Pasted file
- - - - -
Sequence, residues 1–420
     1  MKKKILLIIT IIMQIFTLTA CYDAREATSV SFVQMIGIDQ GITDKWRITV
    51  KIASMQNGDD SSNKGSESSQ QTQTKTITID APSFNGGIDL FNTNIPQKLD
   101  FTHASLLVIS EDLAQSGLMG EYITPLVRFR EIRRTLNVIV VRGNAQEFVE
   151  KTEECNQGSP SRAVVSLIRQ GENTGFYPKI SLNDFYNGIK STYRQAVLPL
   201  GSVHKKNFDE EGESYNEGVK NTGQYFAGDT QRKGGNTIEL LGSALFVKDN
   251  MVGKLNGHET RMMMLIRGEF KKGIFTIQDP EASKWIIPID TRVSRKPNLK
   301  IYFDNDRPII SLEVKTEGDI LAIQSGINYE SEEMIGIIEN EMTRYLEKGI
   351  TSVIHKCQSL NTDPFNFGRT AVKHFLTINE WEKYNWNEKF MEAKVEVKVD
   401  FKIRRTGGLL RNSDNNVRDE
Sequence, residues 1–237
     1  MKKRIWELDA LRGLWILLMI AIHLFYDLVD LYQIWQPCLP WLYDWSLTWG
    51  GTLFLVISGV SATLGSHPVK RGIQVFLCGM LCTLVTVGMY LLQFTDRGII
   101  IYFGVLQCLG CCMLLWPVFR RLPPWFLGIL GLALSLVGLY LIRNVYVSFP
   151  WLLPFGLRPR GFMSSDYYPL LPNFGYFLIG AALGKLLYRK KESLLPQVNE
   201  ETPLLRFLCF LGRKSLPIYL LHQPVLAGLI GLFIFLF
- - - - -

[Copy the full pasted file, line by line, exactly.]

Sequence, residues 1–420
     1  MKKKILLIIT IIMQIFTLTA CYDAREATSV SFVQMIGIDQ GITDKWRITV
    51  KIASMQNGDD SSNKGSESSQ QTQTKTITID APSFNGGIDL FNTNIPQKLD
   101  FTHASLLVIS EDLAQSGLMG EYITPLVRFR EIRRTLNVIV VRGNAQEFVE
   151  KTEECNQGSP SRAVVSLIRQ GENTGFYPKI SLNDFYNGIK STYRQAVLPL
   201  GSVHKKNFDE EGESYNEGVK NTGQYFAGDT QRKGGNTIEL LGSALFVKDN
   251  MVGKLNGHET RMMMLIRGEF KKGIFTIQDP EASKWIIPID TRVSRKPNLK
   301  IYFDNDRPII SLEVKTEGDI LAIQSGINYE SEEMIGIIEN EMTRYLEKGI
   351  TSVIHKCQSL NTDPFNFGRT AVKHFLTINE WEKYNWNEKF MEAKVEVKVD
   401  FKIRRTGGLL RNSDNNVRDE
Sequence, residues 1–237
     1  MKKRIWELDA LRGLWILLMI AIHLFYDLVD LYQIWQPCLP WLYDWSLTWG
    51  GTLFLVISGV SATLGSHPVK RGIQVFLCGM LCTLVTVGMY LLQFTDRGII
   101  IYFGVLQCLG CCMLLWPVFR RLPPWFLGIL GLALSLVGLY LIRNVYVSFP
   151  WLLPFGLRPR GFMSSDYYPL LPNFGYFLIG AALGKLLYRK KESLLPQVNE
   201  ETPLLRFLCF LGRKSLPIYL LHQPVLAGLI GLFIFLF